Good Friday

    April 15, 2022

    Finding Home

    By Dr. Jan Peppler

    Two years ago, I celebrated Easter in Sicily, in a country-wide Covid lockdown in an apartment looking out at the Tyrrhenian Sea, listening to Handel’s Messiah and hearing it differently than I had in all my years.

    The trumpet shall sound… and we shall be changed.
    Over and over again during those first months of the pandemic, it was said that things will never be the same. In every article and every posting was a claim of a new normal – a release from the insanity of over-working capitalism and the destruction of our Earth. In this imposed period of rest, it was said, we were being renewed and the earth was too. Wisdom would prevail. We would return to what was truly important: family, community, nature, peace. The fundamental necessities.

    Two years later and mass genocide is happening live on TV. War is raining down destroying cities. The rich have gotten richer and corporations—those for-profit machines with more rights than people—are hijacking our economy.

    Have we learned anything? Has anything truly changed?

    Except that maybe perhaps we are hurting in new ways. More insidious is the ache, the numbing pain, the precipice of despair.

    In all this, I offer you the wisdom of Wendell Berry. Mr. Berry is a literary savant. More than that, he would tell you, he is a farmer, having farmed his entire life in Port Royal, Kentucky. His connection to the land informs everything: his faith, his relationships, his activism, and his writing.

    The following poem was first published in the 1970s and I only discovered it around 2006. Since then, it has been my annual Easter poem, to be read at every Easter gathering I have hosted and attended. The message is more salient now than ever.

    Be joyful even though you have considered the facts.
    Practice resurrection.

    I was going to wait until Sunday morning to publish this post, but I can’t shake the feeling that now, in these last days of Holy Week, is when we need this reminder. Not to be glossed over in the joy of Easter but instead pondered in the weight of death – to foster the understanding of our interconnectedness. Spring is all the more sweet because we have endured Winter. And sweeter still when we participate in it and not simply observe it.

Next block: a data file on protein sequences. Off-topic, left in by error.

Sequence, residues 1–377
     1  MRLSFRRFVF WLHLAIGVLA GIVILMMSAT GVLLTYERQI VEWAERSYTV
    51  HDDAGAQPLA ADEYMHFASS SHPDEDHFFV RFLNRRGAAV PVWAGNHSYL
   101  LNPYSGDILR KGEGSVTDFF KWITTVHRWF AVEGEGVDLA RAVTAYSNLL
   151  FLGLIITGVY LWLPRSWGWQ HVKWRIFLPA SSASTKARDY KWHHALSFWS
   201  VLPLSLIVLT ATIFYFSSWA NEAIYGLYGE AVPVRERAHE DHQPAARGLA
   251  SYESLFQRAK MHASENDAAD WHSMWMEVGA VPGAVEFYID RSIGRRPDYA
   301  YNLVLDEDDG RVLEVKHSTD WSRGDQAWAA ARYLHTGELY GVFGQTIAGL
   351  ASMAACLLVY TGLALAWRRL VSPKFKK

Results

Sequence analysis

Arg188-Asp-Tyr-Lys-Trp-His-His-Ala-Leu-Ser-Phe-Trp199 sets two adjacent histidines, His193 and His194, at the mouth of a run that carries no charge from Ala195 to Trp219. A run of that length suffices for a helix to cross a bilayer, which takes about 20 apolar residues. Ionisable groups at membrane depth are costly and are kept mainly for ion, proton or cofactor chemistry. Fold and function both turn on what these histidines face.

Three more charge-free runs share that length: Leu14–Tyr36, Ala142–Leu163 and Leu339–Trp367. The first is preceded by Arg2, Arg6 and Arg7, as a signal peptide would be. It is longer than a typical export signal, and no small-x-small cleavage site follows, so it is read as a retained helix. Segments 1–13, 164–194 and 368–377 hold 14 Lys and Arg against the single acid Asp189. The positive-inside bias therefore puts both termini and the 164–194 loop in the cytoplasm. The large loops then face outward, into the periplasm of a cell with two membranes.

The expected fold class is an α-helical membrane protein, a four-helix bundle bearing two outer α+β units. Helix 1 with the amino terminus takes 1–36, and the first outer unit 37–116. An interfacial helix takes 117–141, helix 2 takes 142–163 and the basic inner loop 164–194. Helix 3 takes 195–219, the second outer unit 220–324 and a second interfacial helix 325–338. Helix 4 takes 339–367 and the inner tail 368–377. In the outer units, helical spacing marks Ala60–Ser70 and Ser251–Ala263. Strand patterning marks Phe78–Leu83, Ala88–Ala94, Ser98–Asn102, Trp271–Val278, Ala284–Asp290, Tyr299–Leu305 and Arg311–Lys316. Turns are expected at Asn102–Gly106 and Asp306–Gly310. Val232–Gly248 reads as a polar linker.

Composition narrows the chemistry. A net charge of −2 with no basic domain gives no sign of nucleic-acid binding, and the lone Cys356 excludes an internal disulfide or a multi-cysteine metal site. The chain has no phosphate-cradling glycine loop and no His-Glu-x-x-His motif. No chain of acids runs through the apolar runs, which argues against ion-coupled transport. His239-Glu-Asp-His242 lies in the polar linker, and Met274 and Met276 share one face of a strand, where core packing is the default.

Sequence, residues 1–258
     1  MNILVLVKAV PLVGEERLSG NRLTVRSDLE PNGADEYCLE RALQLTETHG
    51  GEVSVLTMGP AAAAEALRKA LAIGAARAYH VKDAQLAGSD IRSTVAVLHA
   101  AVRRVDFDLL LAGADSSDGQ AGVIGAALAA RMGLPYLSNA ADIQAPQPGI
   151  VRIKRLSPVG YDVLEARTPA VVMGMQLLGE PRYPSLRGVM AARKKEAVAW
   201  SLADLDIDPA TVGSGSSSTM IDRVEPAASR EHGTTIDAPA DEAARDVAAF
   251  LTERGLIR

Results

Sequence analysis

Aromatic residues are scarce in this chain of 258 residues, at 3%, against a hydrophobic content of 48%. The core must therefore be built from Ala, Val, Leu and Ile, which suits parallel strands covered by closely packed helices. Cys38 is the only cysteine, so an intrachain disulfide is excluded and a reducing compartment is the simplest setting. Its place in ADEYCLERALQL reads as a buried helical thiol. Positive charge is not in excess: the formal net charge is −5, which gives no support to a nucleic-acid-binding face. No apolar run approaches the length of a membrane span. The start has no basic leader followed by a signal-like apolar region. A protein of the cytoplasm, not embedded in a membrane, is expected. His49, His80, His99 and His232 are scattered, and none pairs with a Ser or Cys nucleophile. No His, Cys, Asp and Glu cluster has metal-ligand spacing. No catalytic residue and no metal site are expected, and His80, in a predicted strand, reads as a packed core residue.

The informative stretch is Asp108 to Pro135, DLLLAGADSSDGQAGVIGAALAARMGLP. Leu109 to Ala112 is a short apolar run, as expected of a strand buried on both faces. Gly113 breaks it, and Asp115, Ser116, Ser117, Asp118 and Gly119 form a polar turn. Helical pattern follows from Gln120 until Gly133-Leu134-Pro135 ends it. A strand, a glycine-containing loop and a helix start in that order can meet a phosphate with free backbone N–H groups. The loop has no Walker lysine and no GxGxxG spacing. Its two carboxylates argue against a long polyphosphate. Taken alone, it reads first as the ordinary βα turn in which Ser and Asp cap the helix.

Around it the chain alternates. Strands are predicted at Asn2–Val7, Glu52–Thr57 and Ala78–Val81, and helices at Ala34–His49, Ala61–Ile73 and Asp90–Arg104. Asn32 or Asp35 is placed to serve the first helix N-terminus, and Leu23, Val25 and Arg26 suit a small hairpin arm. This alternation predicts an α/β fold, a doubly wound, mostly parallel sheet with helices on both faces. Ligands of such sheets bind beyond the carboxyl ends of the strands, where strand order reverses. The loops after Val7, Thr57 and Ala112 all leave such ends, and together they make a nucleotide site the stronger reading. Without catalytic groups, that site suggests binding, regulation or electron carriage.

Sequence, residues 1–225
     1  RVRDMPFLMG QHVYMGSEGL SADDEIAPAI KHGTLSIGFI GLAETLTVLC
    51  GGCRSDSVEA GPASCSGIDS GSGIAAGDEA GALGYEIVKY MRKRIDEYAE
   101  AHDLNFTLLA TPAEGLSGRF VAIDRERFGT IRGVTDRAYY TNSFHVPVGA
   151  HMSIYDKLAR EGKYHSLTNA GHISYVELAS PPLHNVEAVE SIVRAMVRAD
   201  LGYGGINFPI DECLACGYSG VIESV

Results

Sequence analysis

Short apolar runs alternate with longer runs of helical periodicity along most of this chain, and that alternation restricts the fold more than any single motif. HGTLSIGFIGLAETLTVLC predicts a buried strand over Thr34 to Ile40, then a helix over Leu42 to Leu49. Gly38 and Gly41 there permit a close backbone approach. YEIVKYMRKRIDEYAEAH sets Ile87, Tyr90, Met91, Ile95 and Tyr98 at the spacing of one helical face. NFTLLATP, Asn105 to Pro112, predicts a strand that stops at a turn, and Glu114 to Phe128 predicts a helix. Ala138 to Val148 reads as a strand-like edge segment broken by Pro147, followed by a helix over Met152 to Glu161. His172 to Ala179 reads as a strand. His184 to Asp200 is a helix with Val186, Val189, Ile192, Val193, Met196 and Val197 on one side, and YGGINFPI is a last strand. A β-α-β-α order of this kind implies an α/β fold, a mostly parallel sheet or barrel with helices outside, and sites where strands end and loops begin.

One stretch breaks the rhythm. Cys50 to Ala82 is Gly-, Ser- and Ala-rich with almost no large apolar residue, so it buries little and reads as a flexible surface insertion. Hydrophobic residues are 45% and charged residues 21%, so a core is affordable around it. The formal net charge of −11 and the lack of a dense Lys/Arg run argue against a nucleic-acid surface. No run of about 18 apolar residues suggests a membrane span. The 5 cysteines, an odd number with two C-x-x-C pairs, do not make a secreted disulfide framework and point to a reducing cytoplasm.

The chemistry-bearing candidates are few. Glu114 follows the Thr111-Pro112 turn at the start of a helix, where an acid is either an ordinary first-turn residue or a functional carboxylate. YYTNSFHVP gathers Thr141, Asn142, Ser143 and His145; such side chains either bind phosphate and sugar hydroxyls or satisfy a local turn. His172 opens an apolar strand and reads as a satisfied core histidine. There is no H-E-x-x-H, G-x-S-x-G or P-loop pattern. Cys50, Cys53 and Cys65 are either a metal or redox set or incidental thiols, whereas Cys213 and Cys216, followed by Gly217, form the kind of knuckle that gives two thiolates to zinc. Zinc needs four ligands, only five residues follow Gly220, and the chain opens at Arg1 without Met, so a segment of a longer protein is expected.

Manifesto: The Mad Farmer Liberation Front  by Wendell Berry

    Love the quick profit, the annual raise,
    vacation with pay. Want more
    of everything ready-made. Be afraid
    to know your neighbors and to die.
    And you will have a window in your head.
    Not even your future will be a mystery
    any more. Your mind will be punched in a card
    and shut away in a little drawer.
    When they want you to buy something
    they will call you. When they want you
    to die for profit they will let you know.
    So, friends, every day do something
    that won’t compute. Love the Lord.
    Love the world. Work for nothing.
    Take all that you have and be poor.
    Love someone who does not deserve it.
    Denounce the government and embrace
    the flag. Hope to live in that free
    republic for which it stands.
    Give your approval to all you cannot
    understand. Praise ignorance, for what man
    has not encountered he has not destroyed.
    Ask the questions that have no answers.
    Invest in the millennium. Plant sequoias.
    Say that your main crop is the forest
    that you did not plant,
    that you will not live to harvest.
    Say that the leaves are harvested
    when they have rotted into the mold.
    Call that profit. Prophesy such returns.
    Put your faith in the two inches of humus
    that will build under the trees
    every thousand years.
    Listen to carrion — put your ear
    close, and hear the faint chattering
    of the songs that are to come.
    Expect the end of the world. Laugh.
    Laughter is immeasurable. Be joyful
    though you have considered all the facts.
    So long as women do not go cheap
    for power, please women more than men.
    Ask yourself: Will this satisfy
    a woman satisfied to bear a child?
    Will this disturb the sleep
    of a woman near to giving birth?
    Go with your love to the fields.
    Lie down in the shade. Rest your head
    in her lap. Swear allegiance
    to what is nighest your thoughts.
    As soon as the generals and the politicos
    can predict the motions of your mind,
    lose it. Leave it as a sign
    to mark the false trail, the way
    you didn’t go.
    Be like the fox
    who makes more tracks than necessary,
    some in the wrong direction.
    Practice resurrection.

    Buona Pasqua. A blessed and contemplative Easter, dear friends.

     

    Posted by dayle at 1:57 pm
    Filed in: Café Communication

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